How to Make Knitted Cables in the Round

Knitted cables in the round are similar to cables knitted flat, except that the right side of the cable is always facing you as you stitch. Converting cable rows to cables in the round requires just a few simple adjustments.

Knitted cables in the round with a cable needle (Image: Ashley Little)

Things You'll Need

  • Knitting pattern with cable

  • Graph paper and pencil, optional

  • Yarn, weight of your choice

  • Circular knitting needle or double-pointed knitting needles, size that corresponds to your yarn's weight

  • Cable needle

  • Row counter, optional

Step 1

Refer to the knitting pattern with cables. If the pattern is written for cables in the round, proceed to Step 3.

If the pattern is written for flat cables and you would like to convert it to cables in the round, first check to see if the pattern includes a chart, written instructions or both.

A cable knitting pattern (Image: Ashley Little)

Step 2

If the pattern is written for flat cables, you will need to make a few adjustments before you begin knitting. Remember that when knitting in the round, there are no wrong-side rows; all rows are right-side rows facing you as you knit. Therefore, all the right-side rows of the chart or written instructions are worked as they are written; all wrong-side rows will need to be converted to in-the-round knitting.

To convert a wrong-side row, remember that all purls worked on the wrong side become knit stitches, while all knit stitches worked on the wrong side become purl stitches. If you think you may not remember this while you are knitting, use your pencil to make notes on the pattern's chart or written instructions. Alternatively, recreate the chart using graph paper and a pencil, making the necessary changes to the wrong-side rows.

Step 3

Cast on the number of stitches indicated in the pattern.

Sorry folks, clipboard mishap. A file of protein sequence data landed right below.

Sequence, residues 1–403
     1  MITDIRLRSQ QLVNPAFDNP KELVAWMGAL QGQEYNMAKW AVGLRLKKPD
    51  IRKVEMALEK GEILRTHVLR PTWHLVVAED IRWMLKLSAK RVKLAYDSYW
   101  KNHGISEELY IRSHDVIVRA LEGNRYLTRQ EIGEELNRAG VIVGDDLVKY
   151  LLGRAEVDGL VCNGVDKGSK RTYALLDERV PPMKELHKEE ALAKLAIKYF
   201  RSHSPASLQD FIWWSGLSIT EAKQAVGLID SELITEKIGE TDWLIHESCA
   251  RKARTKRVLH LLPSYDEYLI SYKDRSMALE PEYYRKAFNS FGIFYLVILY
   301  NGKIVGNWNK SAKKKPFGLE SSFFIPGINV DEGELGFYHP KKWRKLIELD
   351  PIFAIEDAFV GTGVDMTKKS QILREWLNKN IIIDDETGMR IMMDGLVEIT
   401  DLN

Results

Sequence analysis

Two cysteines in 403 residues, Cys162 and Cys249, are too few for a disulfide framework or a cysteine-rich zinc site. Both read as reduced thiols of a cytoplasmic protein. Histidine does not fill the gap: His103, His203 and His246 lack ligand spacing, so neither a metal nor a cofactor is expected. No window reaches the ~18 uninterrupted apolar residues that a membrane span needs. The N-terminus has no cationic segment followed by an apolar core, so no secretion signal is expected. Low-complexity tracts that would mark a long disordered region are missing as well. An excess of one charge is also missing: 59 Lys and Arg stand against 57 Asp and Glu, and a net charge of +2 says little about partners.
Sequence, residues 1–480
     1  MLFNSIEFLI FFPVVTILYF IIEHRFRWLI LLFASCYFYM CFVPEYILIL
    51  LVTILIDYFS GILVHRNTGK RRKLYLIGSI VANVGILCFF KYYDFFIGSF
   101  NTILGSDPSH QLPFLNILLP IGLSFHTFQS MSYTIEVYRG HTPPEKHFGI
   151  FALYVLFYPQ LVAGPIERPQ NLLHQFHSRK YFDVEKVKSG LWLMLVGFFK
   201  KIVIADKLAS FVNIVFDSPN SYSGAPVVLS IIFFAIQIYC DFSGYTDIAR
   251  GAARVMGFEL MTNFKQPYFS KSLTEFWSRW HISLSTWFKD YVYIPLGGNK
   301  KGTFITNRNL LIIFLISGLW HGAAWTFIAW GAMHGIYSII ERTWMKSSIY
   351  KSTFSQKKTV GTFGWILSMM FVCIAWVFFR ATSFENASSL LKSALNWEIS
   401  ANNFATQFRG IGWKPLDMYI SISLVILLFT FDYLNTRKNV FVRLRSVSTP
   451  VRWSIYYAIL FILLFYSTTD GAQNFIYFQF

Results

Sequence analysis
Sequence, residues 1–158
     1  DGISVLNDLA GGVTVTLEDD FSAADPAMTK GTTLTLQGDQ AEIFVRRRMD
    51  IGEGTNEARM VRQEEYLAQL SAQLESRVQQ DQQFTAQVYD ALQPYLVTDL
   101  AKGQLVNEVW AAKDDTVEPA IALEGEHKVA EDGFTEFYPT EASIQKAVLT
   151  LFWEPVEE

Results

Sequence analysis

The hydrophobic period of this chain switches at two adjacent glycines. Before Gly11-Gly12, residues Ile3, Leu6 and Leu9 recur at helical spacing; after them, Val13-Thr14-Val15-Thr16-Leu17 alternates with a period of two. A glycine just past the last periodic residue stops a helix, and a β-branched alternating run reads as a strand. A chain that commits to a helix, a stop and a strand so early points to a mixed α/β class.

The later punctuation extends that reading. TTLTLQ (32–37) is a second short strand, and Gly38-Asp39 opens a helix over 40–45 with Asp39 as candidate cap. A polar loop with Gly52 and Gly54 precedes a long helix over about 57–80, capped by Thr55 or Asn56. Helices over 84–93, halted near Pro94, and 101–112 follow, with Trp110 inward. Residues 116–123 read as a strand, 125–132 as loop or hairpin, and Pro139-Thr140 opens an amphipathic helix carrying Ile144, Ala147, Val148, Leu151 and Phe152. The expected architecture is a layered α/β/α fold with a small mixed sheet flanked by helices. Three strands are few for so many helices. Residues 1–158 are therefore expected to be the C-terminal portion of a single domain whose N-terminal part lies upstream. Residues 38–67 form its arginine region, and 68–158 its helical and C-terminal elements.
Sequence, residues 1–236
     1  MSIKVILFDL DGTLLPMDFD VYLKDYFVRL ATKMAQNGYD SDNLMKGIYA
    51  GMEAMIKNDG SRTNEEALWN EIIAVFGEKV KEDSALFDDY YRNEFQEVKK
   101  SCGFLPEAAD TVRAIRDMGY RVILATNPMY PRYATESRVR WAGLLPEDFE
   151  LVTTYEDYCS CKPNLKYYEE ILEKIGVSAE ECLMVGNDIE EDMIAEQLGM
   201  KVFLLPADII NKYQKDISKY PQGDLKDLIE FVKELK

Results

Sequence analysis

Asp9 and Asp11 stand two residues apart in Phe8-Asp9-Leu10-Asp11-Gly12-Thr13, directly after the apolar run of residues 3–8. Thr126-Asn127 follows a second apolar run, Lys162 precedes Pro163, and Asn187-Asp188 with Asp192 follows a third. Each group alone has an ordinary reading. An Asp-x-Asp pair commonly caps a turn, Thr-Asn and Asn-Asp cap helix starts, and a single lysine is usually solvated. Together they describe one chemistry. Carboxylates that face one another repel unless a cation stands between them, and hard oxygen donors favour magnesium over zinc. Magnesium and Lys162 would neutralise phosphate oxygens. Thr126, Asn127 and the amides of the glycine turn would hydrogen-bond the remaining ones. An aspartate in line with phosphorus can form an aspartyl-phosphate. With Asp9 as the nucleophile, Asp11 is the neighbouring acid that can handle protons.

Casting on (Image: Ashley Little)

Step 4

Join the stitches to knit in the round. You will work the first row (right-side row) as it is written or charted on your pattern. To work a Cable Four Back (C4B) for example, slip two stitches onto the cable needle.


If you do not have a cable needle, you can use a double-pointed needle as a substitute.

Slipping stitches onto the cable needle (Image: Ashley Little)

Step 5

Hold the cable needle behind your work.

Holding the cable needle behind the work (Image: Ashley Little)

Step 6

Knit the next two stitches off the needle while the cable needle is still in the back.

Holding the cable needle in the back as you knit (Image: Ashley Little)

Step 7

Bring the cable needle back to the front of the work and knit the two stitches from the cable needle. Notice that if you are using a hook-shaped cable needle like the one pictured, you will need to shift the stitches to the other side of the cable needle to knit them in the right order.

Knitting the stitches from the cable needle (Image: Ashley Little)

Step 8

Complete the remainder of the right-side row as instructed in the pattern.


Use a row counter as you knit to keep track of the rounds and avoid confusion.

Step 9

If the pattern is written for in-the-round cables, continue to follow the pattern's instructions.

If the pattern is written for flat cables, look at your notes to determine what to do when you reach the wrong-side row. If the pattern is written and simply indicates that you should knit the knit stitches and purl the purl stitches, then you can follow the instructions without making any changes. When you come to a knit stitch, simply knit it. When you reach a purl stitch, purl it. In this example, only the cable stitches are knit, while the background stitches are purled.

However, if your chart or written instructions are different, remember to follow the changes noted in Step 2.

References & Resources